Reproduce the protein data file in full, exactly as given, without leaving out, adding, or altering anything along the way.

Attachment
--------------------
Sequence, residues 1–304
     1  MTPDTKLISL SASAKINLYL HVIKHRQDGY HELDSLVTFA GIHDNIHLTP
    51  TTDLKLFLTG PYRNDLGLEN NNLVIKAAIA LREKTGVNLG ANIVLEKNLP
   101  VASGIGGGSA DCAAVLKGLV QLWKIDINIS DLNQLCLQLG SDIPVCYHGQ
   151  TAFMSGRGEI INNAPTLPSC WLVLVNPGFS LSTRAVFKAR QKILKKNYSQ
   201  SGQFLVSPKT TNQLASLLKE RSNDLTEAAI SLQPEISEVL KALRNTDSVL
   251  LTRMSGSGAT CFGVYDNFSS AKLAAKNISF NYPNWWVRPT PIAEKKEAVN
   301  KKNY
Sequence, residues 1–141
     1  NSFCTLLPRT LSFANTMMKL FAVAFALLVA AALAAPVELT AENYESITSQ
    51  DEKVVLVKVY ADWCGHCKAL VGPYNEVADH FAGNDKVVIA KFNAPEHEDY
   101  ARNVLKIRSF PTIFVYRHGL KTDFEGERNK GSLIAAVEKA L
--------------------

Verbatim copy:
Sequence, residues 1–304
     1  MTPDTKLISL SASAKINLYL HVIKHRQDGY HELDSLVTFA GIHDNIHLTP
    51  TTDLKLFLTG PYRNDLGLEN NNLVIKAAIA LREKTGVNLG ANIVLEKNLP
   101  VASGIGGGSA DCAAVLKGLV QLWKIDINIS DLNQLCLQLG SDIPVCYHGQ
   151  TAFMSGRGEI INNAPTLPSC WLVLVNPGFS LSTRAVFKAR QKILKKNYSQ
   201  SGQFLVSPKT TNQLASLLKE RSNDLTEAAI SLQPEISEVL KALRNTDSVL
   251  LTRMSGSGAT CFGVYDNFSS AKLAAKNISF NYPNWWVRPT PIAEKKEAVN
   301  KKNY
Sequence, residues 1–141
     1  NSFCTLLPRT LSFANTMMKL FAVAFALLVA AALAAPVELT AENYESITSQ
    51  DEKVVLVKVY ADWCGHCKAL VGPYNEVADH FAGNDKVVIA KFNAPEHEDY
   101  ARNVLKIRSF PTIFVYRHGL KTDFEGERNK GSLIAAVEKA L